Christmas at the
emergency room / 1
Memories and musings on a Montreal Christmas
By Wanda Potrykus
December 22, 2021
It was Christmas Eve babe…
An old man said to me,
“Won’t see another one”
And then he sang a song
‘The Rare Old Mountain Dew’
I turned my face away
And dreamed about you
The Pogues, 1987
The year was 1977. I was in my second year of working my way through my Bachelor of Arts degree at McGill University in Montreal. Money was tight as always. It wasn’t easy holding down a job that demanded 20 to 30 hours of work a week plus all the class and study time that went along with being a full-time student. Nevertheless, I was lucky in some ways since I had found an inexpensive apartment to rent at 3424A Simpson Street. It was in a shabby Victorian greystone mansion fallen on hard times, which in the 1970s the owners operated as what could best be described as a ‘rooming’ house. The location was excellent as it was within walking distance of the McGill downtown campus and also the Royal Victoria Hospital where I was employed as an admitting clerk in the emergency department.
That Christmas I was scheduled to work at the hospital and, finding no one willing to replace me on my assigned shifts, I had reluctantly decided I could not return to the UK for my annual visit, mainly as I couldn’t afford to lose the job or the income it provided to me. It would be the first Christmas that I hadn’t made it home to my family since I had emigrated to Canada in 1971. Trekking back and forth across the Atlantic to London, England, to celebrate Christmas and New Year had become an annual slog that I saved hard for each year. It was one I was to repeat, with only the odd exceptions like this one, for another thirty-plus years, the last twenty or so of those with a young son in tow.
‘… I’m a sucker for Christmas too, and so that year, like other years to come, I was sitting thousands of miles away across an ocean and missing my childhood home and family terribly.’
I tried very hard to be stoic about it, life doesn’t always work out the way one wants it to, but by Christmas Eve, I was pensive and more than a little sad, thinking of my family arriving at our small home at 59 Coronation Hill, Epping, Essex, England, for Christmas dinner. My youngest sister Julia, the last at home, would have ensured the Christmas Crib (nativity scene) was set up on the mantelpiece and the tree (a real one) was decorated with the collection of family ornaments and embellishments amassed over the years. She would have checked the lights and replaced the spent bulbs, decorated the living room and helped with the food shopping and the cooking, so all would be in readiness to welcome the family. She has always loved Christmas and still works hard to make it wonder-filled for the rest of us. Like her, I’m a sucker for Christmas too, and so that year, like other years to come, I was sitting thousands of miles away across an ocean and missing my childhood home and family terribly.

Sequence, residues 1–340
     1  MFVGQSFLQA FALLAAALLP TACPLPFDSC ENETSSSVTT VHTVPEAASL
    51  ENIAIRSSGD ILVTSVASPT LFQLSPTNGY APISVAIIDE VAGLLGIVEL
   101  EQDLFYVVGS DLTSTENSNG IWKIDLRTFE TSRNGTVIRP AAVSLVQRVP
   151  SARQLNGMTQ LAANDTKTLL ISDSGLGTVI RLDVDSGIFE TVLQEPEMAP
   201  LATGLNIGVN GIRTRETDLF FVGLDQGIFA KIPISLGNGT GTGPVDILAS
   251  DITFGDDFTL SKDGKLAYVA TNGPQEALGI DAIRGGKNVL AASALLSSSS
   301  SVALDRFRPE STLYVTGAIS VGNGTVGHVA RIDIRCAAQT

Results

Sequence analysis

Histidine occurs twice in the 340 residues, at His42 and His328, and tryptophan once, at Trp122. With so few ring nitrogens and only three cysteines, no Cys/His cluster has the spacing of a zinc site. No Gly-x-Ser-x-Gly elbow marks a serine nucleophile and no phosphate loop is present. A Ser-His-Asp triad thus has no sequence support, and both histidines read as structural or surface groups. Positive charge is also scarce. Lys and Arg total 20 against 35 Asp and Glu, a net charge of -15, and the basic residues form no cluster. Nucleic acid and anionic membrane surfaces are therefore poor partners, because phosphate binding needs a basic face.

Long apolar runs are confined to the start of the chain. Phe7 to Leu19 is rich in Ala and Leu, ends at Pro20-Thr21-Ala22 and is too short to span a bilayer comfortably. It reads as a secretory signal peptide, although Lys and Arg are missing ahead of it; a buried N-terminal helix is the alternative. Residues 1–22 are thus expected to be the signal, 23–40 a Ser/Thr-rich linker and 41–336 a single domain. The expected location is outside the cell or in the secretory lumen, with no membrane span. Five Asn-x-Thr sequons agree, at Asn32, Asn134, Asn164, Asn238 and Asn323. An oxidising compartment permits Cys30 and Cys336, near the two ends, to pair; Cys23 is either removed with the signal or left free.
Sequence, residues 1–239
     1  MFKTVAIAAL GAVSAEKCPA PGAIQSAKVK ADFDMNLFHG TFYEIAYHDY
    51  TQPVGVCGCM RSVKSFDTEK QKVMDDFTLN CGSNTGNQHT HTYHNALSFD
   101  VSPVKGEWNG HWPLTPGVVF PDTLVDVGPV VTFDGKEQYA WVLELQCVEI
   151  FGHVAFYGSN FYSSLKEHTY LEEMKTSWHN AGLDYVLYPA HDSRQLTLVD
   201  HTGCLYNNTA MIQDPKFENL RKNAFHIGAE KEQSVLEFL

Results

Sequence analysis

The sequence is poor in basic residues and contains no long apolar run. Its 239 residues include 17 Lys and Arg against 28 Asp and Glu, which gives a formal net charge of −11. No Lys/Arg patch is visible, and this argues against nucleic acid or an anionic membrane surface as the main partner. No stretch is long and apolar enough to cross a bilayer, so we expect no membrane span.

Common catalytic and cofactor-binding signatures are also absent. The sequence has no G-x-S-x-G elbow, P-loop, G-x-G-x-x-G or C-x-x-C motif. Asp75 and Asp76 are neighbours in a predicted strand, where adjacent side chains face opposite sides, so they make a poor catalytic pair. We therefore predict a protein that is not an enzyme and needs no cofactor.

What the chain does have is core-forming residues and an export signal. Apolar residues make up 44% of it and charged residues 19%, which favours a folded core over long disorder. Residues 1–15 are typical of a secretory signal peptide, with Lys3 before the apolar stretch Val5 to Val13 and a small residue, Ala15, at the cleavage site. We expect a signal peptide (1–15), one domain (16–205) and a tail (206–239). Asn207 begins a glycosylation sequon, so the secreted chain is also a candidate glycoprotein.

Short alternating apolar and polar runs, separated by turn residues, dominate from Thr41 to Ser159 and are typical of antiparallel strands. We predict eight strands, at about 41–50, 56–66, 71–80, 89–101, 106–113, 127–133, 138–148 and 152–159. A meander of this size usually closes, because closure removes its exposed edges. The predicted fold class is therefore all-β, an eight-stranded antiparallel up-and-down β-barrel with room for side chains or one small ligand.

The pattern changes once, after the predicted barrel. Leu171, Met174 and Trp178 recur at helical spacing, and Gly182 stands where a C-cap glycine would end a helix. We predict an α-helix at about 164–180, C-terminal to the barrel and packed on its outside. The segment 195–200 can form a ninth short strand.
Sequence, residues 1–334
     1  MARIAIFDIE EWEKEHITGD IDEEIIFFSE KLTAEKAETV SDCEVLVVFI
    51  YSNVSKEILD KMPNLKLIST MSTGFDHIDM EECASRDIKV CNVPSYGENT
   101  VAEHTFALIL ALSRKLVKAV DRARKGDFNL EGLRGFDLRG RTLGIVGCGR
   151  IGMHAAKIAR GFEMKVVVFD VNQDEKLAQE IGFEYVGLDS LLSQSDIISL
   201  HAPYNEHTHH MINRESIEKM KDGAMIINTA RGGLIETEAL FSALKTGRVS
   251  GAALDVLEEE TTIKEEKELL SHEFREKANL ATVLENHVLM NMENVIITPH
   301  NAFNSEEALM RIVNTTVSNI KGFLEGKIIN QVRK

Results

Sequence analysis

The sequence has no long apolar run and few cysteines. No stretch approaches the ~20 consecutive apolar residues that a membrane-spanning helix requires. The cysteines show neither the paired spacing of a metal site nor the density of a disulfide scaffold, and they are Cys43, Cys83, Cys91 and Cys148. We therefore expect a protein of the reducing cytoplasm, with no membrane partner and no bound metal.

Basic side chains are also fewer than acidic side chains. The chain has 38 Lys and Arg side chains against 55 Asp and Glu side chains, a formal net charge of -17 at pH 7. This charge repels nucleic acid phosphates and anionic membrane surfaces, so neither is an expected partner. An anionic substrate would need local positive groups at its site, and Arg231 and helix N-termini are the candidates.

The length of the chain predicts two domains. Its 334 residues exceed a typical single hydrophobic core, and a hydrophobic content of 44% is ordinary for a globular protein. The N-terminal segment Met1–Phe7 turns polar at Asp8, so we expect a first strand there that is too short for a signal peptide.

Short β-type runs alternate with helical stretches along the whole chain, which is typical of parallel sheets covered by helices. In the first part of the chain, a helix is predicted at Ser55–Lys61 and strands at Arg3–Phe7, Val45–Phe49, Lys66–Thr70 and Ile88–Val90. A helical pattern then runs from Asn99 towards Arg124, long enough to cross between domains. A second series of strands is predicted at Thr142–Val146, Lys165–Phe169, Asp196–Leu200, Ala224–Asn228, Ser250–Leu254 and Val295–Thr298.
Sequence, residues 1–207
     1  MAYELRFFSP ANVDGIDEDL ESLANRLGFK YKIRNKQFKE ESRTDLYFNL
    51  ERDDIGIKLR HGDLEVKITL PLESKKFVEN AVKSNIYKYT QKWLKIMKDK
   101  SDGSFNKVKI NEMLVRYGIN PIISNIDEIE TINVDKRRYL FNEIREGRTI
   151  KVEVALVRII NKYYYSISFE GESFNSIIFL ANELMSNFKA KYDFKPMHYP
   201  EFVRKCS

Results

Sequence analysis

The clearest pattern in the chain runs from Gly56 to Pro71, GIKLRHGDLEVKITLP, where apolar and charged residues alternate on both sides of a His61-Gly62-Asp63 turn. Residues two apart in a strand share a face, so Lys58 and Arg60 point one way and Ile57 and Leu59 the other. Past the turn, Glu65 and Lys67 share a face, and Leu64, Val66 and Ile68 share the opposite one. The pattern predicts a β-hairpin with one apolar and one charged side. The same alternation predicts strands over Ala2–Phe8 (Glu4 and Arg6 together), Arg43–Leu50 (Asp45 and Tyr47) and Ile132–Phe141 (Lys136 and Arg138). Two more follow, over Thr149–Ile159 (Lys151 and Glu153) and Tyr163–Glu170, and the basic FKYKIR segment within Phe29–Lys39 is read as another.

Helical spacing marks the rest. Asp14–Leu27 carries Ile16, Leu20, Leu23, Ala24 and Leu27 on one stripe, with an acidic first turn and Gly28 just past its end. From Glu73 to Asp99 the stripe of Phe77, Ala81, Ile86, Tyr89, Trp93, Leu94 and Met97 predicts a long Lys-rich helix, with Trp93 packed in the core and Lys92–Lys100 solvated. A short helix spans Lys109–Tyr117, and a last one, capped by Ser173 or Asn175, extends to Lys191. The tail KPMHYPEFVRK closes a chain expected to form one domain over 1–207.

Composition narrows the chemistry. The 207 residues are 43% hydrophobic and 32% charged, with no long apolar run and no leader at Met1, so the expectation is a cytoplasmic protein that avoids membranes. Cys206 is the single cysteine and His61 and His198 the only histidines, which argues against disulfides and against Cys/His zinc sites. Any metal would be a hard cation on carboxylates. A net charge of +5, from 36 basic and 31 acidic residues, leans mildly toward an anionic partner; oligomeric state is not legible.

Musing during one of the rare quiet times at my station in the ER that evening as my shift drew to a close, I toyed briefly with the idea of attending Christmas Eve Mass at Mary Queen of the World Cathedral (a small scale replica of St Peter’s in Rome) located almost opposite Dominion Square in what’s now considered downtown Montreal. But I was tired after another long stressful day in the ER and knew after mass ended it would be a good and cold 25 to 30-minute walk uphill in the snow and ice back to my apartment. Plus, being Christmas, I recognized the church would be very crowded, which didn’t suit my somewhat pensive mood. I realized I didn’t want to be squashed in with a huge number of strangers, highlighting the feeling of aloneness I was experiencing. I decided instead, I would get up early before my shift began to attend Christmas morning mass in the Grand Séminaire complex, which was a few minutes’ walk west along Sherbrooke Street from where I lived.
Here was located what I considered my neighbourhood church since, in the 1970s, it was still open to the public for mass. It was a church or rather chapel I had developed a great fondness for in part because it was beautiful architecturally, but also because the entire complex of assorted buildings was steeped in early Montreal history. For this is the former site of the 17th century Fort de la Montagne, along with (it is presumed) the buried remains of the indigenous mission village that had sprung up around it.
‘… I would get up early before my shift began to attend Christmas morning mass in the Grand Séminaire complex, which was a few minutes’ walk west along Sherbrooke Street from where I lived.’
Today nothing is visible of the once-thriving village apparently home to a mix of 210 indigenous peoples (Algonquin, Huron, Iroquois), who were either passing through the region or in residence, as they were supposedly willing to be converted to Christianity and were living there under the protection of, and to receive instruction from, the resident religious. To this day, local archeologists still hold out hope they will soon be given the go-ahead, before too much more time passes and some proposed extensive construction begins on the site, to excavate under the current western end parking lot in the hope of discovering artifacts and insights from this brief 17th-century sojourn that might illuminate further our knowledge of indigenous daily life in and around early Montreal.